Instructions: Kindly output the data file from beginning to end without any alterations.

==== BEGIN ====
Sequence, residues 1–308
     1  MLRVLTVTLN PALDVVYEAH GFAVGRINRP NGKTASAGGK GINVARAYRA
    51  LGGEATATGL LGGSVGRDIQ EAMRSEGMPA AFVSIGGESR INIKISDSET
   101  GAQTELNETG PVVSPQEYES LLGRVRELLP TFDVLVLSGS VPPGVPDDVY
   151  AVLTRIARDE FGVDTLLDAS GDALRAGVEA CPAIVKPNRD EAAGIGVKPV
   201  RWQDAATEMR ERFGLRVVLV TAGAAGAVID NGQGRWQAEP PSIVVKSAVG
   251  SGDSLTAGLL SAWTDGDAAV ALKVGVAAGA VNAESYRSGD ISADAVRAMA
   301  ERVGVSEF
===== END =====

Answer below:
Sequence, residues 1–308
     1  MLRVLTVTLN PALDVVYEAH GFAVGRINRP NGKTASAGGK GINVARAYRA
    51  LGGEATATGL LGGSVGRDIQ EAMRSEGMPA AFVSIGGESR INIKISDSET
   101  GAQTELNETG PVVSPQEYES LLGRVRELLP TFDVLVLSGS VPPGVPDDVY
   151  AVLTRIARDE FGVDTLLDAS GDALRAGVEA CPAIVKPNRD EAAGIGVKPV
   201  RWQDAATEMR ERFGLRVVLV TAGAAGAVID NGQGRWQAEP PSIVVKSAVG
   251  SGDSLTAGLL SAWTDGDAAV ALKVGVAAGA VNAESYRSGD ISADAVRAMA
   301  ERVGVSEF